As the population has grown and industrialization has expanded, human waste generation has increased substantially. Ecosystems function in a cyclic manner, meaning that all waste is recycled to become new resources. Humans used to be a part of this process, but over time, our waste and what we do with it has changed.
Human waste is the only waste on the planet that must be managed and stored, because we produce waste that does not recycle naturally. The result is that human waste is accumulating worldwide. Much of our waste is actually just unutilized resources — energy and resources that could still be used and are becoming obsolete, because they are trapped in our landfills and dumps instead of being recycled.
There are numerous sources of human waste:
|Sources of Waste||Description|
|Household||Household products, such as furniture, are thrown out because people want a change in style. Instead of being repurposed, household products are taken to the landfill.|
|Industry||Industry produces large quantities of waste, often as by-products to manufacturing, like polluted water, stack emissions, and useful materials like wood scraps.|
|Treatment Plants||Treatment plants attempt to clean things like wastewater from cities, and they create by-products such as sewage, sludge, and biogas.|
|Agriculture||Agriculture often produces large quantities of waste, both organic and non-organic in nature, such as cow manure or broken-down tractors.|
|Mining||Mining, which provides lots of materials for items like modern-day electronics, produces massive quantities of waste, whether it be mined material that pollutes nearby waterways, or huge tailings that transform topography.|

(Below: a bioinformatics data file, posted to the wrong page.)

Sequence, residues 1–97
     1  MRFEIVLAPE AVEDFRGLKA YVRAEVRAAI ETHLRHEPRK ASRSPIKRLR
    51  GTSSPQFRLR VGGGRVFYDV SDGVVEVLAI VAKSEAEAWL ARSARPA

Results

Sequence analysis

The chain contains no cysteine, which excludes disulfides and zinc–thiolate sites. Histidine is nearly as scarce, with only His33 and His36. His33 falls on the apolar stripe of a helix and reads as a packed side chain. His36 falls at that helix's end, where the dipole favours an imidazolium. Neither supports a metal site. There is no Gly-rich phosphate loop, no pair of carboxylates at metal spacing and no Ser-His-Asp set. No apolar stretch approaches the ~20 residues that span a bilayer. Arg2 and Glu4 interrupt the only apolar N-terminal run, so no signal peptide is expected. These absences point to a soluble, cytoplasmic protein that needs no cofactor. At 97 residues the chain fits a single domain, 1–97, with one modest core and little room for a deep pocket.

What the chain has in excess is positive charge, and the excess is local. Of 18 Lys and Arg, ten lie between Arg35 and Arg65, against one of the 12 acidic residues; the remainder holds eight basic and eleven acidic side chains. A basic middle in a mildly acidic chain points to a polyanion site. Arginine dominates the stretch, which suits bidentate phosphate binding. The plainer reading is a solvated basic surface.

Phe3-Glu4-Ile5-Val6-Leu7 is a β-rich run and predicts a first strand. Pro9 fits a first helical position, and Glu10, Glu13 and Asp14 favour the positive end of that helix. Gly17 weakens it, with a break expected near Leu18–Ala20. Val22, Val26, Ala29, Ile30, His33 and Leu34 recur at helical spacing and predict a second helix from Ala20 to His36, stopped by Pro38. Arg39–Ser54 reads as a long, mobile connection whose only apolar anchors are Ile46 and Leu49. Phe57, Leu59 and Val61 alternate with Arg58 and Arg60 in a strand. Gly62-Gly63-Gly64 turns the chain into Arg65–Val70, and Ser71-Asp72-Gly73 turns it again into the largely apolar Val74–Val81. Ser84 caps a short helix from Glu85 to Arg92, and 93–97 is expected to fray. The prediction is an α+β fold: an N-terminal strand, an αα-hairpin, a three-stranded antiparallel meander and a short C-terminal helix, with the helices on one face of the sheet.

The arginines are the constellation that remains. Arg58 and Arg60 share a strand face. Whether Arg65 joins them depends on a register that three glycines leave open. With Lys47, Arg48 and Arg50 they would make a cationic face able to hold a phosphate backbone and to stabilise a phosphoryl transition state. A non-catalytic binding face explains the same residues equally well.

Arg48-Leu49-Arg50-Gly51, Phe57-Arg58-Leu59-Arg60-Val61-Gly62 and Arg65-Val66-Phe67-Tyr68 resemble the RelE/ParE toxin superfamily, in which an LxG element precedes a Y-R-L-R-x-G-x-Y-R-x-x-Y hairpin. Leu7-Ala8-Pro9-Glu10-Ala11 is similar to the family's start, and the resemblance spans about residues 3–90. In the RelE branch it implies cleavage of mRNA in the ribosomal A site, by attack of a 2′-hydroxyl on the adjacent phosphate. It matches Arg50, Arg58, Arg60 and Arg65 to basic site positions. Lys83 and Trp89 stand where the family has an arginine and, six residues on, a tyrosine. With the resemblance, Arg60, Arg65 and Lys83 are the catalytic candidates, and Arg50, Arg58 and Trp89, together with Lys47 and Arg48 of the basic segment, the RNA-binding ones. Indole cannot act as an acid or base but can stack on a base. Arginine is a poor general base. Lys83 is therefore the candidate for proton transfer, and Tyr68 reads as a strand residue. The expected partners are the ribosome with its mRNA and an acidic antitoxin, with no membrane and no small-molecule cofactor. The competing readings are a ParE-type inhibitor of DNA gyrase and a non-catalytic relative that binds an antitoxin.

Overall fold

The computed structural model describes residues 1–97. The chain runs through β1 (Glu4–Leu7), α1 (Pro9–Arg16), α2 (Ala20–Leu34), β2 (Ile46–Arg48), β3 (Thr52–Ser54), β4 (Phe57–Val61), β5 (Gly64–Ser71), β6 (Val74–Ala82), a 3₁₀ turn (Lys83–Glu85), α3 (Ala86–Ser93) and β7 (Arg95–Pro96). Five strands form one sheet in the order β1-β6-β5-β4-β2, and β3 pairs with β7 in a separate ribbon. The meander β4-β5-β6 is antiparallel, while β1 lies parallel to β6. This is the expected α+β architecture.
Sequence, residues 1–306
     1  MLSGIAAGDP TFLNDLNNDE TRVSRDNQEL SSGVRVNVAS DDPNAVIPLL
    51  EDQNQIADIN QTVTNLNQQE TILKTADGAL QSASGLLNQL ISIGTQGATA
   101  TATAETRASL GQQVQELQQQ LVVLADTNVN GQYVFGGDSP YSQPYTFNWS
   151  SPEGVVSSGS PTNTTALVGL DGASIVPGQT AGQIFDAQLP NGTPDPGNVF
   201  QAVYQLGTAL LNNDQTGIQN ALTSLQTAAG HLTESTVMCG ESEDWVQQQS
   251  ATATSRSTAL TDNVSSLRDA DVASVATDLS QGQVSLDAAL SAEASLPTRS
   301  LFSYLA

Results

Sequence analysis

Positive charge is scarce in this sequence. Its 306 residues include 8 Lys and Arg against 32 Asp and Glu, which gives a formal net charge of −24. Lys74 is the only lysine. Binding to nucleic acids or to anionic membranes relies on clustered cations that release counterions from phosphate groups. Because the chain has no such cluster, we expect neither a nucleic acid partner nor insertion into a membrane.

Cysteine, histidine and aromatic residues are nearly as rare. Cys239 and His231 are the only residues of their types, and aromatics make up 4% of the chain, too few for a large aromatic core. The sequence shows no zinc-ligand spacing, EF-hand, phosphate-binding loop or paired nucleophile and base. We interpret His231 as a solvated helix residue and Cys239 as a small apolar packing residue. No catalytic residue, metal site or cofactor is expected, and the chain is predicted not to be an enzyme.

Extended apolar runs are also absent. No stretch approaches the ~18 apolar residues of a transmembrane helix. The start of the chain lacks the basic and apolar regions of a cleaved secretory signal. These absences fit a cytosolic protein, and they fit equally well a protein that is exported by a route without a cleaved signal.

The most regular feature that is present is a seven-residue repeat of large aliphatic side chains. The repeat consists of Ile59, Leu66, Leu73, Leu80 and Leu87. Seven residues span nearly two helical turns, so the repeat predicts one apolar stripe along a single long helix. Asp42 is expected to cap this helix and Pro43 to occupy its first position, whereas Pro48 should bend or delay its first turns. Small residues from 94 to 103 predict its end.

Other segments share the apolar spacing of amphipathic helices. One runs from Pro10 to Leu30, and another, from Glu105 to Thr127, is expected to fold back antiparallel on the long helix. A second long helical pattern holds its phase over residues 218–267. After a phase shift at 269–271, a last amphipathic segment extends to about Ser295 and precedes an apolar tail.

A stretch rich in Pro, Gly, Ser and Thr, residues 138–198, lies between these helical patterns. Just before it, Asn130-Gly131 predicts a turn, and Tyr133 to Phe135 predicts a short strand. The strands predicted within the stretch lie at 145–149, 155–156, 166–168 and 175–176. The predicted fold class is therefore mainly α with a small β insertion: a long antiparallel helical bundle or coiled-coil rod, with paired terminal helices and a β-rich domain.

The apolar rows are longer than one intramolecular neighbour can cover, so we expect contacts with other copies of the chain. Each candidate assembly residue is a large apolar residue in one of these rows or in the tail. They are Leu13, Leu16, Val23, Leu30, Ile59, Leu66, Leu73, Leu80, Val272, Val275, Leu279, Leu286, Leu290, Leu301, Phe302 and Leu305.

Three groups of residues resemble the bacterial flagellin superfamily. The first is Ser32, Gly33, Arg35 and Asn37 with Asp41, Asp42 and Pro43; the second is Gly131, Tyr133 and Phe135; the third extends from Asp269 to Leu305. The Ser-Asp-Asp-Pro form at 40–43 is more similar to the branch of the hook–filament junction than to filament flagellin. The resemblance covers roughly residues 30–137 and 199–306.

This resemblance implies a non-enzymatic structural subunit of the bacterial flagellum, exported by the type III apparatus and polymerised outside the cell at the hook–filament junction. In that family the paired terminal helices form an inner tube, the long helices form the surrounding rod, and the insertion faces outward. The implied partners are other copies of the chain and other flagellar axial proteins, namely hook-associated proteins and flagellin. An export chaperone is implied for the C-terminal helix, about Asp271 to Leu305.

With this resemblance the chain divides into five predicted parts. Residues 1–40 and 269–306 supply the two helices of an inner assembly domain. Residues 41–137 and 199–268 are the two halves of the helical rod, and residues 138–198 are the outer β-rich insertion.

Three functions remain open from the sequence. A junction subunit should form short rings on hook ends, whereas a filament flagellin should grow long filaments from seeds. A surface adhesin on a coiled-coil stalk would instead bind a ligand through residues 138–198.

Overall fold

Waste can have a host of impacts. In order to store it, large plots of land must be set aside that could have been used for growing food or for other uses. Off-gassing from waste in landfills, as well as other sources of waste, contributes to air pollution.
EXAMPLEMethane is a primary gas given off by decomposing landfills, and is a heavy contributor to climate change. Waste can also produce particulate matter and CO2 emissions.
Waste can sometimes contaminate surface and groundwater when it seeps into water systems, which could lead to human health impacts. In general, waste can damage human and ecosystem health, interfering and damaging otherwise healthy populations.
EXAMPLEA prime example is hazardous waste, which is a category of waste with special characteristics that make it more dangerous to human health and more difficult to dispose of.
There are different ways to manage waste in order to mitigate or buffer the negative impacts it can cause, though not all are created equal. In the past, waste was dealt with according to the whim and desire of those managing it. However, many such practices historically have led to disease. As a result, in many developed countries, there are now laws and regulations about how to manage and dispose of waste. In many developing countries, however, waste management laws are still lax or nonexistent.
We're going to cover six main strategies of managing waste.
Some municipalities charge residents for garbage produced, often priced by the can or bag, to discourage the production of waste in the first place.
Many products are labeled to indicate if they're recyclable, and some places will pay for recyclables like empty aluminum cans.
Source: Adapted from Sophia instructor Jensen Morgan, LANDFILL PD HTTP://BIT.LY/1DGGRKM LANDFILL2 PD HTTP://BIT.LY/1CZDLOX BURNING TRASH PD HTTP://BIT.LY/1ZSJECT OCEAN TRASH CC HTTP://BIT.LY/1DYPKDY BEACH CC HTTP://BIT.LY/1F6MYXE GLASS CC HTTP://BIT.LY/1I2TDOX GLASS MACHINE CC HTTP://BIT.LY/1XJ7TH5 COMPOST PD HTTP://BIT.LY/1ZKSO4N